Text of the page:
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New Study Highlights Primary Drivers of Cost of Inflammatory Bowel Disease Care


2024 Crohn's & Colitis Congress

Unplanned emergency service and medication utilization make up the majority of costs of IBD care, reported researchers.

New Study Highlights Primary Drivers of Cost of Inflammatory Bowel Disease Care / Image credit: ©Crystal light/AdobeStock

©Crystal light/AdobeStock

New research presented at the 2024 Crohn’s & Colitis Congress, January 25-27, 2024, in Las Vegas, NV, shed light on the financial burden of inflammatory bowel disease (IBD) on the US health care system.

Findings from a real-world cohort study show that unplanned emergency service and medication utilization make up the majority of costs of IBD care and, according to study authors, should be the focus of value-based interventions among patients with IBD.

“Effective management of IBD should focus on improving patient symptoms and outcomes while containing healthcare costs,” wrote researchers in the study abstract. “To develop high-value treatment strategies and influence policy on high-value care, we must first have a better understanding of the primary drivers of cost in this population.”

Presenting author Jeffrey Berinstein, MD, MSc, clinical instructor, internal medicine, University of Michigan, Detroit, and colleagues conducted the study using data from IBM Watson, “a nationwide insurance claims database covering millions of commercially insured individuals across the US,” they wrote.

Investigators identified adults aged 18-65 years with a diagnosis of IBD in the primary or secondary position from January 2019 to January 2020 based on ICD-10 codes for Crohn disease and ulcerative colitis. They measured cost and utilization as a per member per year (PMPY), according to the abstract.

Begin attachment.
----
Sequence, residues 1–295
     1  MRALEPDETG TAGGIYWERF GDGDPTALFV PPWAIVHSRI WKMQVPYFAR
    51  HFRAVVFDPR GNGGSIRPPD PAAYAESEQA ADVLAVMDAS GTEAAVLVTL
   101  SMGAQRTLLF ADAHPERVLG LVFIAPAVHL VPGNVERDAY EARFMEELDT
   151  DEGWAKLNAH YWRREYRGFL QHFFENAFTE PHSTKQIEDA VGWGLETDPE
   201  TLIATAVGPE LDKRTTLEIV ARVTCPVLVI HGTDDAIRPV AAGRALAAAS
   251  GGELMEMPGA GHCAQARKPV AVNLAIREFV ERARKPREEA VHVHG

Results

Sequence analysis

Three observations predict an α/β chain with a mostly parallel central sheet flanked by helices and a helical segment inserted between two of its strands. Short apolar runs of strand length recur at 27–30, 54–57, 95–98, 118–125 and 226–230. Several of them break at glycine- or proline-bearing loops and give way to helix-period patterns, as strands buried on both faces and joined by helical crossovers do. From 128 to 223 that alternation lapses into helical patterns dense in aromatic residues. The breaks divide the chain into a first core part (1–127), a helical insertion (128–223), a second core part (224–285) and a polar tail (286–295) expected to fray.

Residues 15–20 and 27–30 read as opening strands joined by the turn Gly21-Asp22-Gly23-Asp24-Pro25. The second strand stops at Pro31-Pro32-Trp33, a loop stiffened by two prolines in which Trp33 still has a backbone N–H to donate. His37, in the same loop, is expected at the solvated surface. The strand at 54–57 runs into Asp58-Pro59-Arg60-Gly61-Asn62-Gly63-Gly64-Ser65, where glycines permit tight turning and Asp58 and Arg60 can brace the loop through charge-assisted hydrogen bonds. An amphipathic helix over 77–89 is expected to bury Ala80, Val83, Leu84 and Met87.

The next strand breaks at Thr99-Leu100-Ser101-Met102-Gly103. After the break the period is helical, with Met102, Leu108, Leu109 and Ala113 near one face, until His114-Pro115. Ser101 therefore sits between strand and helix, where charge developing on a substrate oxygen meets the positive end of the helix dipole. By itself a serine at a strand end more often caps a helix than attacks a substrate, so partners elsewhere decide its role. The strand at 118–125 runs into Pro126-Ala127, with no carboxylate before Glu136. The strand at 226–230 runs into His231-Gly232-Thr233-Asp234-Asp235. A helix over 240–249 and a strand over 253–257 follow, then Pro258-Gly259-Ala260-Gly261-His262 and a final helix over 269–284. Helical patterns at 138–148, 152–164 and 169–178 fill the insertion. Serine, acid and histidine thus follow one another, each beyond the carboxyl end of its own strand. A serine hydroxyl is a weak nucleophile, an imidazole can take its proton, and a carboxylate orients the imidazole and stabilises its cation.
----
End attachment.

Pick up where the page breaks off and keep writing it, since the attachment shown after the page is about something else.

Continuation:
A total 105 496 individuals with IBD (51.9% women; 42.5% aged 30-49 years) were identified for the study.

Researchers observed that the mean PMPY total costs were $40 842, of which $31 051 (76%) were directly correlated to gastrointestinal (GI)-related costs. Mean PMPY total costs in this population ranged from $1178 to $144 945, with 15% of participants experiencing costs over $76 346 PMPY, added investigators.

The main drives of GI-related costs were divided into the following 3 categories:

  • Drug costs: $11 539 (37%)
  • Outpatient medical service costs: $11 306 (36%)
  • Inpatient costs: $8206 (26%)

In addition, results showed per member utilization included:

  1. 0.22 inpatient admissions
  2. 0.10 surgeries
  3. 1.02 GI visits
  4. 2.87 non-gastroenterologist GI visit (may include visit to a primary medical clinician, rheumatologist, dietician, etc.)
  5. 4.57 GI-testing
  6. 0.48 GI imaging
  7. 0.61 GI endoscopy
  8. 1.07 biologic medication prescriptions

“While appropriate high-cost pharmaceutical utilization should not be reduced, innovative strategies leveraging more cost-effective medication delivery may provide an important opportunity to curb costs,” concluded Berinstein et al. “Furthermore, the high rate of non-gastroenterologist GI visits suggests that there is a potential for optimizing care pathways, by incorporating multidisciplinary care including, PCPs, mid-level providers, and other ancillary services into the IBD care model.”

Source: Berinstein J, Melmed G, Allen J, Berry S. Cost-drivers of healthcare expenditures in inflammatory bowel disease. Abstract presented at: 2024 Crohn’s & Colitis Congress; January 25-27, 2024; Las Vegas, NV. Accessed January 26, 2024.

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